Posts Tagged 'writing'

Face

 Pick the teacup up,
Count the leaves that are falling.
This cup is empty.

 

“We must read your face like a leaf or a fingerprint,” she said, or I thought she said. I touched my face. Unique.

With the tips of her fingers, she touched my cheekbones, my eyebrows, the line of my chin. She brushed the hair off of my forehead. She hummed a tuneless hum. She took out a charcoal pencil and made a line. Here, and here, and here. On my face, and then on her book.

“There,” she said, and put the pencil down, and the book. She picked up her tea, leaned back in her chair, and held the cup in her hand.

“Hold the teacup in your hand,” she pointed with her chin at my teacup. “Feel the steam rising from the cup. Take a sip. Swallow three times.” She stopped then and sipped her own tea. There was silence.

The tea was warm, not hot. Pleasant. Light smell, like rice, soft mouth, not bitter.

I drank the tea, swallowing as directed. I put the teacup down. Silence again. I listened carefully to the room, looking for the sound of a clock ticking, anything to mark the time. Finally, I looked at her again. Her eyes were open, her face was closed. I coughed, slightly, and she smiled.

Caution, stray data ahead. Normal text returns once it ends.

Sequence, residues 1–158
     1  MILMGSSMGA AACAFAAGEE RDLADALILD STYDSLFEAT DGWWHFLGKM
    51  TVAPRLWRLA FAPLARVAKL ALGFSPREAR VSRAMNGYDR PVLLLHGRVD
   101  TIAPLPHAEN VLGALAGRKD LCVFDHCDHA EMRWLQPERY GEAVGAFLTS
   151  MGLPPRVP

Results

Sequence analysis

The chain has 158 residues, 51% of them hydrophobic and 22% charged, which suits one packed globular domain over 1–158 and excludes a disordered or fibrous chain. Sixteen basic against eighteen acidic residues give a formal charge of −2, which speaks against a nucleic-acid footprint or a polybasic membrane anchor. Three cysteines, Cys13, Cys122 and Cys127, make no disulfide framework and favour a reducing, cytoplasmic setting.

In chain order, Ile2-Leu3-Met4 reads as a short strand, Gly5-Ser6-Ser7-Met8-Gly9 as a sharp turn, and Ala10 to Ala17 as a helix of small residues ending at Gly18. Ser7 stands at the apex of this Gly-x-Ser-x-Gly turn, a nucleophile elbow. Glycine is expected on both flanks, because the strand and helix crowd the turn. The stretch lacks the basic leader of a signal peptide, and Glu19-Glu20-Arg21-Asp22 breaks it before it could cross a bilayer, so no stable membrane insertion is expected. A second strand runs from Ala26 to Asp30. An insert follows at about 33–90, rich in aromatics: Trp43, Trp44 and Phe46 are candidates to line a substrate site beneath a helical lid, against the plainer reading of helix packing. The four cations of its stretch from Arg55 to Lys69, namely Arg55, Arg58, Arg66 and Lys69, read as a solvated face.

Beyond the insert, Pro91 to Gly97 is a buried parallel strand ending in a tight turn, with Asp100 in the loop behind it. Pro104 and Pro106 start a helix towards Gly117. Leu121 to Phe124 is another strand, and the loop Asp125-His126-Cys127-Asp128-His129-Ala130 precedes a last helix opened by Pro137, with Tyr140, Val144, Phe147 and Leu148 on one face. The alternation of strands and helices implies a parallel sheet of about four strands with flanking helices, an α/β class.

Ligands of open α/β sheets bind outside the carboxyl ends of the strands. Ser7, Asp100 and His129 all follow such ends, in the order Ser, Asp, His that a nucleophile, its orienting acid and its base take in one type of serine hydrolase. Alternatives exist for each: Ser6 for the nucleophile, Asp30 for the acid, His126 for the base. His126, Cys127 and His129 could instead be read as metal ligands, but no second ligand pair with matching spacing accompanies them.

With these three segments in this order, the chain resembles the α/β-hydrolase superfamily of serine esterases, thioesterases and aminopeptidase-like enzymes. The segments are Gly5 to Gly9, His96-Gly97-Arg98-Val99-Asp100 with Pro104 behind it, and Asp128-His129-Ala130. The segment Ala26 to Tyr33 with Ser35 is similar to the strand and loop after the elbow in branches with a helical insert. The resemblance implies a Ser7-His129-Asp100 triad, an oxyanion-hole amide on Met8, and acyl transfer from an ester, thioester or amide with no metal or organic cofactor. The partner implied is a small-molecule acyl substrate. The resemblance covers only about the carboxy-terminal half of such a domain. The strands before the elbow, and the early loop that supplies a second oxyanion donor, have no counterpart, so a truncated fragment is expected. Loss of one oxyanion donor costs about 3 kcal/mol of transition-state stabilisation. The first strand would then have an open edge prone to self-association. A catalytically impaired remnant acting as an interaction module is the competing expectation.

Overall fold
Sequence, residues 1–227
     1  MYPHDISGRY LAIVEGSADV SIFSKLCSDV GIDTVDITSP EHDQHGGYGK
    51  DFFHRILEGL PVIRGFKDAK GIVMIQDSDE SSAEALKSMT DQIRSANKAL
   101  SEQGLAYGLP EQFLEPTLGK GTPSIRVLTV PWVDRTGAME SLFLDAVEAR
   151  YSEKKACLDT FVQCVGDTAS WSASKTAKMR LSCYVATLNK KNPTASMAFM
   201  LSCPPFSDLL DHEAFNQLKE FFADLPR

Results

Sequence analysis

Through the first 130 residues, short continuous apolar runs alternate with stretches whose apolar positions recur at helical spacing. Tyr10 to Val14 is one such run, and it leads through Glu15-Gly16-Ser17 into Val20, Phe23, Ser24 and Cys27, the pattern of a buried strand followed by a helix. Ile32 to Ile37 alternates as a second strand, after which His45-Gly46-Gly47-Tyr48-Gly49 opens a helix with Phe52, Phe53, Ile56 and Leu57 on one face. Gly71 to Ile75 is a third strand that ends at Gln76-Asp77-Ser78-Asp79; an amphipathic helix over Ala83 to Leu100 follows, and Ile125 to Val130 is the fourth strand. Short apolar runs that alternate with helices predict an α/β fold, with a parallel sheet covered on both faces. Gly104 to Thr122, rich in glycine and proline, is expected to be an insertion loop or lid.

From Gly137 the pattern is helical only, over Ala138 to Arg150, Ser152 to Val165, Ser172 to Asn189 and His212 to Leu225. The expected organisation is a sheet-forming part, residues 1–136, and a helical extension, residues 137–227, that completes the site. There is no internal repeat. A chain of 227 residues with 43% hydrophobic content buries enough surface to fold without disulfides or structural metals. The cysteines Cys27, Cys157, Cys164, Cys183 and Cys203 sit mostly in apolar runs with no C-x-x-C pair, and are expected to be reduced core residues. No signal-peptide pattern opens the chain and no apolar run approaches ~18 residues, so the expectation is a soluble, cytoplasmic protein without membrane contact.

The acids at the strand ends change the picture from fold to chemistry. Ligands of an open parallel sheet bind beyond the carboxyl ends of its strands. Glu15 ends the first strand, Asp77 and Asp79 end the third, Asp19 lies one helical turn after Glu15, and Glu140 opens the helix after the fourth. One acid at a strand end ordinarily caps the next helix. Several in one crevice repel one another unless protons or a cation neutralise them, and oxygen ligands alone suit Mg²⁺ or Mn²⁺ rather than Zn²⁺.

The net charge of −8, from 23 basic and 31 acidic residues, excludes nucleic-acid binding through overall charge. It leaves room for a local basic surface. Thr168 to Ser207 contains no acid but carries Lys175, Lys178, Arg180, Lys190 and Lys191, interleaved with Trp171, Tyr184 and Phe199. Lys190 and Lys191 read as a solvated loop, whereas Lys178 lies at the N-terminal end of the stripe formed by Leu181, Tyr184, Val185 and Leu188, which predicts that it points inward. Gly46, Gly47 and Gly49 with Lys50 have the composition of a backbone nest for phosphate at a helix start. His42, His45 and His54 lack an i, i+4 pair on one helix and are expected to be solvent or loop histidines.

“Would you tell me please, which way shall I go from here?” I asked her. I wanted to see the notebook. In my head I was reaching for it, but I held my hands still.

Picking up her notebook, she opened it again, and held it out to me. In my hands it felt warm, as if it had been sitting in the sun, as if we weren’t in this chilly room with its antiseptic walls and its blank white lightboards looking at me, empty alien eyes.

“Patient’s choice,” she said. Her voice was flat, neutral. “What you want to do is what we will do.”

Behind my eyes, I saw stars, tight sparkling little stars like I’d knocked my head against something. The stars became a single star. A star became a tear. A tear became a multitude of tears, whirling just out of reach. No decisions will be provided here. My choice, damn you. I left, as usual.

The place was not always a café. It had been how many things? A multitude, yes, definitely a multitude. A café, a pet store, a gift shop, a health clinic, a second hand book store, a dry cleaner. So many smells in the multiplicity of strip mall history, most of them to be covered in new paint. I imagined the smells would sneak out periodically as the temperature rises and falls. We imagined this café would last for decades, until we were old and our first customers’ grandchildren would be coming for pastries and strong black coffee and green tea steeped in rice water.